What to Know When You Buy a Vision System for Inspection
There are always dozens of pros and cons to weigh anytime your shop has an opportunity to expand its inspection capacity. What kind of training will your staff need to operate new equipment? Will future contracts keep new equipment in use? Vision systems require their own particular considerations; they can be incredibly fast and accurate machines, but much depends on your shop’s ability to use them the right way. Vision systems are sensor-based machines that quickly measure small parts ranging in size from 200-600 mm2.
The first obstacle to optimized use of a vision system is providing the right lighting. Ordinary factory floor lighting will not be adequate due to their sensitive nature. Burnt-out, blocked, or flickering lights will cause havoc on your measurements. Sensors measure through changes in light, so these must come from the parts under inspection themselves. Otherwise, your inspections will turn up inaccurate and false results.
Field of View
Field of view is determined by working distance: the space between the part and the sensor performing measurements. The FOV should be slightly bigger than the dimensions the machine is meant to measure. The next consideration is part placement: the parts you need inspected will have to be facing the sensors. Will parts need to be adjusted to make this happen, and will the component be stationary or in motion? There are solutions to all of these scenarios, but it’s important to know in advance which ones you will need.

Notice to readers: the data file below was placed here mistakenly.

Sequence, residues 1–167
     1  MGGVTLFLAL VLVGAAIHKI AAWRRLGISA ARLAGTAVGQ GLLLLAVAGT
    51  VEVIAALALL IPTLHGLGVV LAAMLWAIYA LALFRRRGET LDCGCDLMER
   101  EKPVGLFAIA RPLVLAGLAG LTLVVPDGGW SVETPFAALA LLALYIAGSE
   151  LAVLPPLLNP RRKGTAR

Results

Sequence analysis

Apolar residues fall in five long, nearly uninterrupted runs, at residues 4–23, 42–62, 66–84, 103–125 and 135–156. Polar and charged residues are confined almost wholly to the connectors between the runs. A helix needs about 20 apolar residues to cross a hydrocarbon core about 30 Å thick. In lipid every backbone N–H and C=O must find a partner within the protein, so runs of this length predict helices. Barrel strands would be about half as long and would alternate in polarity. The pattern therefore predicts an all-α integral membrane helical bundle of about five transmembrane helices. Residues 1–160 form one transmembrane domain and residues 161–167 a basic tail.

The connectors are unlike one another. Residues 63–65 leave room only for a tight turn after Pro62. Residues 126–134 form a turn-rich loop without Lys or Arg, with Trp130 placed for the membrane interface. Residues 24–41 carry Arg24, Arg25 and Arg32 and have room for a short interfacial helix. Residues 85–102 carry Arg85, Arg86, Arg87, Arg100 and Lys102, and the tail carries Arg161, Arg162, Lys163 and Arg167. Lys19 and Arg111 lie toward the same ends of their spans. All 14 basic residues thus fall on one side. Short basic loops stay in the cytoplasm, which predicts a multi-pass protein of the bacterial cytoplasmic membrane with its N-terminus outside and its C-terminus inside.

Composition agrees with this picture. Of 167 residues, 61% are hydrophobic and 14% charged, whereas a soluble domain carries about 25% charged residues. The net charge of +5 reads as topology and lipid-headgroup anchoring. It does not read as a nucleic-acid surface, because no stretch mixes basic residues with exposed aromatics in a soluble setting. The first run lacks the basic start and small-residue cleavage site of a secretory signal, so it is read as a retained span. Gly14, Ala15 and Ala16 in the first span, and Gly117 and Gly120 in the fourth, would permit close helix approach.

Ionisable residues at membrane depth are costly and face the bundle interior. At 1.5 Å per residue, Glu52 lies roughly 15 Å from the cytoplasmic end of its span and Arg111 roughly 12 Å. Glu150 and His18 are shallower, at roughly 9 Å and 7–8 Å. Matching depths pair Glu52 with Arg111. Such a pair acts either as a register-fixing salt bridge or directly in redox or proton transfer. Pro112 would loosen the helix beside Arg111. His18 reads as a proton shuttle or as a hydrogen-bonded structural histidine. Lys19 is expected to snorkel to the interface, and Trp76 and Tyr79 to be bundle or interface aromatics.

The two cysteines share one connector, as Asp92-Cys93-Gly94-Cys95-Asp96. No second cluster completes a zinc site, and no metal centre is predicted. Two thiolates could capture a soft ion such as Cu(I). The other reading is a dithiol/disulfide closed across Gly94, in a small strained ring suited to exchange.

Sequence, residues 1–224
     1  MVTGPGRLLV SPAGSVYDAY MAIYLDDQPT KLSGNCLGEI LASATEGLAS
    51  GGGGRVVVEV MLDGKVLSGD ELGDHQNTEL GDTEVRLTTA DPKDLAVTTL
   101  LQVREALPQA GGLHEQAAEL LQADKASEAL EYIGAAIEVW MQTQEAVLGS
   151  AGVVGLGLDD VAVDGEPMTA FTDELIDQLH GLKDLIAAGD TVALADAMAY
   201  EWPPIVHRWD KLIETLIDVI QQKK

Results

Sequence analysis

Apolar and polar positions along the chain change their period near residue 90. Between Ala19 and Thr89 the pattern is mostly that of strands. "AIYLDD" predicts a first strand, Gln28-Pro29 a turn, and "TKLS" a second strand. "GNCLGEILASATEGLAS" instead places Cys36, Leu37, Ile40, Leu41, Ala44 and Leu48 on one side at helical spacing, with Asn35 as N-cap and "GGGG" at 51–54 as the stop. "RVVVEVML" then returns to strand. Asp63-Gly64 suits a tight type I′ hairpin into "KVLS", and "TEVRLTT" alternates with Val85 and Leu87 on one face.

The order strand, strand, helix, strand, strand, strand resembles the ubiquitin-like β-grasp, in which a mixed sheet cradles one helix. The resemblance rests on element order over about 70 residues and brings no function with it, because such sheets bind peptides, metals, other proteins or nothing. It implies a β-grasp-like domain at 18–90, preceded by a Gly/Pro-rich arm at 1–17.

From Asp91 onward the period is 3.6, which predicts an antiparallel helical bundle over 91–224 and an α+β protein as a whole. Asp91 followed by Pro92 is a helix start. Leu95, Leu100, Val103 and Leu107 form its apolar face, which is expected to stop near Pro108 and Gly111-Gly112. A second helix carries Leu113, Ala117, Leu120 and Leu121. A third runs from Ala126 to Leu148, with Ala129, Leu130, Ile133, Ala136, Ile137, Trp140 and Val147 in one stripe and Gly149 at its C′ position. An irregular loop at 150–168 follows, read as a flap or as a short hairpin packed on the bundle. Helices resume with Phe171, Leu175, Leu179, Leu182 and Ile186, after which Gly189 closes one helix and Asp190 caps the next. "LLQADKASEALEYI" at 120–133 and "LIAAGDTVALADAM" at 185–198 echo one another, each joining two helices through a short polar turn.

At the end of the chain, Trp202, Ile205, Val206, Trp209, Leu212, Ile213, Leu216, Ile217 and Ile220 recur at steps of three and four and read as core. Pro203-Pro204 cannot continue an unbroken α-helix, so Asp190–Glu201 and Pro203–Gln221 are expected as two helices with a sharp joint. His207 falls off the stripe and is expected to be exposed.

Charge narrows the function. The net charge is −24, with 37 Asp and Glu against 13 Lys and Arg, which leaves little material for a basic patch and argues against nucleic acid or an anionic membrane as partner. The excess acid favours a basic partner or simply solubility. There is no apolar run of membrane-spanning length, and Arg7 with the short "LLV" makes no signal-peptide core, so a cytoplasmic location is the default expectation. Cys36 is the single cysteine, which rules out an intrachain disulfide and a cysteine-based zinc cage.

When it comes to the metrology software you’ll use to run visions systems, there are plenty of considerations to balance. You may need to find a compromise between your current programming capabilities and flexibility across hardware. If you have well-trained, experienced programmers on hand, take advantage of their skills and opt for more programming-heavy software that will put more control in your hands. As your inspection needs expand, cross-platform capabilities will save your money and manpower in the future. The most important factor to keep in mind, though, is the appropriateness of software to your particular application.
Optical, Touch, and Laser
The good news is that multisensor systems from OGP, sold by measurement companies, offer all three of these functionalities. Contact probing may be necessary for parts with difficult-to-image elements. However, vision systems that rely on optics must be used whenever a component is made of a malleable material that will change with contact. According to CMM, optical methods are generally the best way to adapt to parts that involve areas a contact probe can’t reach. Laser scanners, meanwhile, can be used for components with high levels of complexity.
Any shop that’s considering quality assurance expansion for small parts should evaluate whether or not it would be more cost efficient to inspect pieces on the line, in-house, or by outsourcing to contractors with state-of-the-art machines. Contact metrology experts now to find out more about vision systems.